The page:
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Sunday, May 27, 2012

BVBCET , Hubli

Saturday, February 4, 2012

The " STANDARD " interview questions........

 These are some commonly asked questions in interviews.....
  • Tell me about yourself.  (Not really a question, but it’s bound to come up in any interview.)
  • What do you know about our company ?
  • Why do you want to work for our company ?
  • How much money do you want to make ?
  • Why are you looking for a new job ?
  • Where do you see yourself in five years ?
  • What are your strengths ?
  • What are your weaknesses ?
  • Why should we hire you ?

Monday, January 30, 2012


Interviews :

It is not always the most qualified person that gets the job but the one that interviews the best. 

Interviewers are looking at more than just your qualifications during an interview.  They have a
number of "unasked" questions.

    I wonder if this is an industrious person?
    Does this person have initiative?
    Does this person have the capacity to learn?
    Does this person have common sense?
    How will this person fit in with our current employees?
    Is this person enthusiastic?
    Will this person be a good team worker?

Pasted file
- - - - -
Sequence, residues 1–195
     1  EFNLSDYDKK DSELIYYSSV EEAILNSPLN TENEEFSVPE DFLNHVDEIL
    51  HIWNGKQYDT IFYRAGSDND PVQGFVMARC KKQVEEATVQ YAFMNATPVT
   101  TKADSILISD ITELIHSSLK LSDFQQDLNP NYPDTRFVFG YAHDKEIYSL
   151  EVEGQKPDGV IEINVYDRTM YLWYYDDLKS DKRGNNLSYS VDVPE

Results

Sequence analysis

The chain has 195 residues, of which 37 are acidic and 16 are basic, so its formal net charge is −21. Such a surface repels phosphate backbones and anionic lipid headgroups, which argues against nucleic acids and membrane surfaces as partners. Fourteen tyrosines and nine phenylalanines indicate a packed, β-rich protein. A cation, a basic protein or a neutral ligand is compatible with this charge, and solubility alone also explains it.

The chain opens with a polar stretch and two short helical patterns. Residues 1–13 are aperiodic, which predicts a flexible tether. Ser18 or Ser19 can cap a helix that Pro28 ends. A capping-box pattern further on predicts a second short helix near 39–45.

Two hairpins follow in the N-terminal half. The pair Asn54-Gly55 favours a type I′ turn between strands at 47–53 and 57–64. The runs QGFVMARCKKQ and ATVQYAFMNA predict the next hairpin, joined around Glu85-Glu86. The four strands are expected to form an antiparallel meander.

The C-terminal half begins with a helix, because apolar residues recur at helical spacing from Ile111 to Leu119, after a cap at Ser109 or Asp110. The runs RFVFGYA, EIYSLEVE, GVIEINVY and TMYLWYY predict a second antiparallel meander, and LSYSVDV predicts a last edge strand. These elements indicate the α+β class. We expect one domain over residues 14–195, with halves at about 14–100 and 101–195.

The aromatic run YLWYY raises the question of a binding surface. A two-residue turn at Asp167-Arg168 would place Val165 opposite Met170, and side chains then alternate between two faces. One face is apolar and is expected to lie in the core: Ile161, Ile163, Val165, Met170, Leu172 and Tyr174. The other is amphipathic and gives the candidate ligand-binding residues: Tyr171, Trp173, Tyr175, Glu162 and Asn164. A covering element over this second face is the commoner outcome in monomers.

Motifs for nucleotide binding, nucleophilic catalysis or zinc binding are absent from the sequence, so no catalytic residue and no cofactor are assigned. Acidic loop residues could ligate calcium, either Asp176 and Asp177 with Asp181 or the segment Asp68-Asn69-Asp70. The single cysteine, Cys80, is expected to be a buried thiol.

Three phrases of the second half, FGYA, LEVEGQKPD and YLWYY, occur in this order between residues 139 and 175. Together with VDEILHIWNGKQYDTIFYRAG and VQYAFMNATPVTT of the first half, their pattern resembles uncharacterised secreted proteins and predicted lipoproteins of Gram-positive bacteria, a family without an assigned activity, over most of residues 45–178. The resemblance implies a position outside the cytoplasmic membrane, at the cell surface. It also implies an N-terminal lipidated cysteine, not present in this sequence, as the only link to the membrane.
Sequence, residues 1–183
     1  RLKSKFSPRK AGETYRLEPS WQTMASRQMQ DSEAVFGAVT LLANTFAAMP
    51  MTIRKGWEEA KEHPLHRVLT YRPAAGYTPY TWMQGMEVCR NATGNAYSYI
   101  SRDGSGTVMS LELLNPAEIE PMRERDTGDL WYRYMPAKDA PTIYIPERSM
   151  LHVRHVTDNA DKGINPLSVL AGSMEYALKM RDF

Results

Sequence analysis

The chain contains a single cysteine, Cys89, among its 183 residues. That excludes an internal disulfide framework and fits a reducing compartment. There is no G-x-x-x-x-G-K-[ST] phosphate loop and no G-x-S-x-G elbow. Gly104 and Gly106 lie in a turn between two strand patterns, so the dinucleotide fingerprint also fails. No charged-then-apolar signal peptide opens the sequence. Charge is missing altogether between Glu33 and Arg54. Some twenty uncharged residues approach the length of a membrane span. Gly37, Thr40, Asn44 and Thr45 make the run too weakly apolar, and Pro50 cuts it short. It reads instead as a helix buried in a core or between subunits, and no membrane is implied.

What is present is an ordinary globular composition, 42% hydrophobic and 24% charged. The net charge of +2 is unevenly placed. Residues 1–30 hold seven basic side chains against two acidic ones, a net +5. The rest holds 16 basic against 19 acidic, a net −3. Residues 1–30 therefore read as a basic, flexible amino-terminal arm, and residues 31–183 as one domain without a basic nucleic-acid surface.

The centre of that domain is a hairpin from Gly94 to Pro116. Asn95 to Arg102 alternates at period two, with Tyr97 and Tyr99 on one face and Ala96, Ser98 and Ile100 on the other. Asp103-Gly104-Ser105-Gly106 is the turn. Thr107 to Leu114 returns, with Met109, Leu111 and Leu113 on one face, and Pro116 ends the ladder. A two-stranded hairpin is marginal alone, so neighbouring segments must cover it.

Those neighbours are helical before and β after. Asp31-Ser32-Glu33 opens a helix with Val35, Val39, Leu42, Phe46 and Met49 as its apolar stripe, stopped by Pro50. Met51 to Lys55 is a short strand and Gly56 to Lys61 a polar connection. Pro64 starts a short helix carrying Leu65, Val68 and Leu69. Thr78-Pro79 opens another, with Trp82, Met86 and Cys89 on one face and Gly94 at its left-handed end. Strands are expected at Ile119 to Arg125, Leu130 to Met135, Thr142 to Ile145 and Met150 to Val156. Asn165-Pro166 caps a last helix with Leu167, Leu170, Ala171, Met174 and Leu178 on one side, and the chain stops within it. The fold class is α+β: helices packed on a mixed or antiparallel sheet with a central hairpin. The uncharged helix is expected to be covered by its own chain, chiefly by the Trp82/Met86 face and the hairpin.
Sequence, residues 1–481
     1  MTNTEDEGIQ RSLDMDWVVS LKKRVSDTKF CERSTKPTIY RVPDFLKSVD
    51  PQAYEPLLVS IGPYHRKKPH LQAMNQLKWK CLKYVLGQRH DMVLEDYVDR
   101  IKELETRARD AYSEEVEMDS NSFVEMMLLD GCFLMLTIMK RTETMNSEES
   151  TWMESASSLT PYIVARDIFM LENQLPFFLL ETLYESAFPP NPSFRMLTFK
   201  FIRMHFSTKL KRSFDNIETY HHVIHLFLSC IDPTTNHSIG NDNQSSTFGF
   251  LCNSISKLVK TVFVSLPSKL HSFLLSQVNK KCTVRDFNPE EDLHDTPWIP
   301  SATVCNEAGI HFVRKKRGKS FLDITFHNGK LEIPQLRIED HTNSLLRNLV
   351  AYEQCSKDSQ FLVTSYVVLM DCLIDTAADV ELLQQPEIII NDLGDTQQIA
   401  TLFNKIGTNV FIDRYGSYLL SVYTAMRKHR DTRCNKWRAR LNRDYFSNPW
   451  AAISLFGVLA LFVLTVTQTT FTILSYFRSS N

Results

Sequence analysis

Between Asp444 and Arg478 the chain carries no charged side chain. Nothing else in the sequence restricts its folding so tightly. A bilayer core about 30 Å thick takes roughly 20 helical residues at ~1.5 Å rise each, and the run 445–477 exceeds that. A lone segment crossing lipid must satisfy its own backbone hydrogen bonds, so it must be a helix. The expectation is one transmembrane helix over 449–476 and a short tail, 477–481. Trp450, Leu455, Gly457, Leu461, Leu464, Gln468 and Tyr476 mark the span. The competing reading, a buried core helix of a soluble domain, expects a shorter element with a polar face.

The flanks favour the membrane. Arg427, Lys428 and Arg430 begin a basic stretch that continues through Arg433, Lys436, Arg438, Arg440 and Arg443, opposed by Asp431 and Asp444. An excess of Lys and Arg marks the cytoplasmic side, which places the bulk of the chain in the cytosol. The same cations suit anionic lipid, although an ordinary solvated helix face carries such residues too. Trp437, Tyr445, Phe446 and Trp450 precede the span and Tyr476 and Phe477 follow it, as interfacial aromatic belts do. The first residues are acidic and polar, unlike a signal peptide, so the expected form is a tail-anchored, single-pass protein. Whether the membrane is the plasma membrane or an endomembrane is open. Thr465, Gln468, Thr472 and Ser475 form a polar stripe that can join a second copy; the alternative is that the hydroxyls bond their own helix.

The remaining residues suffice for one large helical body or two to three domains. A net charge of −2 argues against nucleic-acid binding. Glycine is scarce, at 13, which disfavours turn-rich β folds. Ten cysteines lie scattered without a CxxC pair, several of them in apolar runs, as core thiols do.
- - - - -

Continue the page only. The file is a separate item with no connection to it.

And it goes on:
Your verbal and nonverbal communication during the interview often provide the answers to
these questions.  Remember, first impressions count.  Here are a few other tips for a positive
interview experience.

    Research the company.  This indicates initiative and enthusiasm and will help you determine
which qualifications to highlight.

    Review your answers.  While you cannot predict every question, there are many common
questions.  Determine your answers for these questions and it will be easier to deal with the
other questions you will be asked.

    Dress appropriately.  Remember, if hired, you represent the company to everyone you meet. 
If needed, drive by the business just before or after closing to determine appropriate dress.  You
should dress one step above what you would wear on the job.

    Career One Stop - Links to various job search aids on the Internet.


Hints on how to prepare for a Sodexo interview :

What makes the difference between you and other applicants for the same position?

    The interview is an opportunity for you to present yourself in the best possible light to
Sodexo. Be confident and be prepared to answer questions that verify and confirm what you